"Due to the inflexibility of military service, meaning the service member can't be the one to stay home with virtual learning, all of that has fallen on the spouse," said certified financial planner Tara Falcone, founder of the financial education company ReisUP. She is also married to a U.S. Naval officer.
"That is going to have detrimental effects on military families for years to come."
That's what Monica Fullerton, 30, is struggling with right now.
Luckily, she is still employed. In fact, she's working multiple jobs — her full-time, remote one at a software company and a demanding side gig as the founder of Spouse-ly, which is a shopping site for military and veteran spouse- and service member-owned businesses. She is also parenting and teaching her twin 4-year-old boys.
"I'm very overwhelmed," said Fullerton, who has been living in Ohio with family for the past two months while her new house is being built in Las Vegas. Her active-duty Air Force husband, Myles, remained in Nevada.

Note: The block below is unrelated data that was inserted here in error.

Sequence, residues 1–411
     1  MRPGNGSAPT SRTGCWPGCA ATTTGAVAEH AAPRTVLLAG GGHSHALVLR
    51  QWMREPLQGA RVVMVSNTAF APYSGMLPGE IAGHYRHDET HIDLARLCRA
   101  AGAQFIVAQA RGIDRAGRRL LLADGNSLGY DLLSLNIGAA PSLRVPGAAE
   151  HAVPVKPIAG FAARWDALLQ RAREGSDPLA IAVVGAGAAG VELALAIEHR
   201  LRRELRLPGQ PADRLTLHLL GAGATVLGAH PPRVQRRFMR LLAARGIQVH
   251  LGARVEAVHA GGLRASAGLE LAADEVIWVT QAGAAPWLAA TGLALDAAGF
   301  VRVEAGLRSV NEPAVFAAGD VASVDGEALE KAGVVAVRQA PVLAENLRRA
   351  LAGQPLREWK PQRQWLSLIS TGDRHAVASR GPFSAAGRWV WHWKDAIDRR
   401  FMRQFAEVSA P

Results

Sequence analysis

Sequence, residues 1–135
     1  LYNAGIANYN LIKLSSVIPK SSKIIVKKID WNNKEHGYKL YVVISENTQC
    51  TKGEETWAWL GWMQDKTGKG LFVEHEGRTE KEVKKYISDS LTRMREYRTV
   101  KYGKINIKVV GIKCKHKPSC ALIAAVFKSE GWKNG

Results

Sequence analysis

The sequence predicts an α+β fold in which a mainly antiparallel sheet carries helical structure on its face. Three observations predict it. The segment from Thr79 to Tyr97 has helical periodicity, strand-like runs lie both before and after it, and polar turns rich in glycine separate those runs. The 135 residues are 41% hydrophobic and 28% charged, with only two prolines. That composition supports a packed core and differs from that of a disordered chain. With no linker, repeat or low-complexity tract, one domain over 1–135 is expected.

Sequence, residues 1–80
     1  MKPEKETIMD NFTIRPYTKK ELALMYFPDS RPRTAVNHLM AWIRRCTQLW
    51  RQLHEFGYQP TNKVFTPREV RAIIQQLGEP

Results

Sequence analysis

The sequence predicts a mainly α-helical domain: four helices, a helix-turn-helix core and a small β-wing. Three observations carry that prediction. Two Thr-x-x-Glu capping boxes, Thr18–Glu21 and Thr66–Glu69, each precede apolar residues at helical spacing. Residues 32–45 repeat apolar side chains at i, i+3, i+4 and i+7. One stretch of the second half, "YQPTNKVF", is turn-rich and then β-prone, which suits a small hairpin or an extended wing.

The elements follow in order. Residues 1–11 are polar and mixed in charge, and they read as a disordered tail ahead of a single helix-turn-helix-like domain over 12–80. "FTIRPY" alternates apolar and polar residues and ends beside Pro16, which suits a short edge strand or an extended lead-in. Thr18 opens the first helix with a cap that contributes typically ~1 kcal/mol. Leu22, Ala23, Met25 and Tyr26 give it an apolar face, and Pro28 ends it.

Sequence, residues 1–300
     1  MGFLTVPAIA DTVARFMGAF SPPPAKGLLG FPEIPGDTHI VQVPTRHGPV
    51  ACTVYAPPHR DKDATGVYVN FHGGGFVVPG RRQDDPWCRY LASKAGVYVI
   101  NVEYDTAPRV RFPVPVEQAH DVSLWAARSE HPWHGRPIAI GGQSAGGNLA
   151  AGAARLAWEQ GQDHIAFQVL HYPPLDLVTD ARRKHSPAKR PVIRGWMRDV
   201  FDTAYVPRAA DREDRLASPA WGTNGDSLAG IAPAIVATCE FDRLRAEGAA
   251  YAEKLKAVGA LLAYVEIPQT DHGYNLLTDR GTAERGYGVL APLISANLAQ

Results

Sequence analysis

"I was honestly at my breaking point just being alone there," she said, referring to Las Vegas and her husband's busy work schedule.
Fullerton is set to return to home soon and plans to take it one day at a time. She may put the twins back in pre-school, depending on the status of the virus.
Since the military has started allowing families to move again, they are doing just that. Yet traveling still may be a little more difficult and pricey, Falcone said.
"It has become very, very expensive for military families to move and if you are not aware of how much and what the military will reimburse you for, you could be on the bad end of that bill at the end of the day," said Falcone, who just completed a move from Rhode Island to San Diego.
For instance, the government will pay for hotel stays but not nights at an AirBNB, she said. There are also restrictions for pets on airlines that are making it "nearly impossible" and costly.
Generally, military members have job security and health care and their income has been minimally affected, Davis acknowledged.
However, in addition to their unique issues — such as deploying during Covid and having overseas missions extended — they may also be in for a shock come January.
Military members were not able to opt out of the payroll tax holiday, Falcone pointed out. That means they saw a bump of 6.2% in their paycheck starting in September, which will be lost when the deferral expires at the end of the year.